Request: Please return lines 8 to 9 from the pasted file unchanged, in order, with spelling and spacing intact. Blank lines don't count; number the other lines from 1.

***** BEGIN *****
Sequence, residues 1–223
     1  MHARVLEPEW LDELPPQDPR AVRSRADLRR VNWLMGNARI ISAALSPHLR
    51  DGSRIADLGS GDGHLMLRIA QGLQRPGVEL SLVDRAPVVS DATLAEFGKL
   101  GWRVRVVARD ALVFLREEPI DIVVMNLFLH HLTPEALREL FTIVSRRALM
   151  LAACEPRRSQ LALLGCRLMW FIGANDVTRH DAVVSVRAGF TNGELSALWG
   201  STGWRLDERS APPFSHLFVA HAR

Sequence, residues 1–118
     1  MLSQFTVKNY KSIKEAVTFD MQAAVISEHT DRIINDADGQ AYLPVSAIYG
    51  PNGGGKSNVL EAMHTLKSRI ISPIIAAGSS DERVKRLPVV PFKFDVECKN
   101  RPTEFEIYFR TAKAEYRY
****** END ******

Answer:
     1  MLSQFTVKNY KSIKEAVTFD MQAAVISEHT DRIINDADGQ AYLPVSAIYG
    51  PNGGGKSNVL EAMHTLKSRI ISPIIAAGSS DERVKRLPVV PFKFDVECKN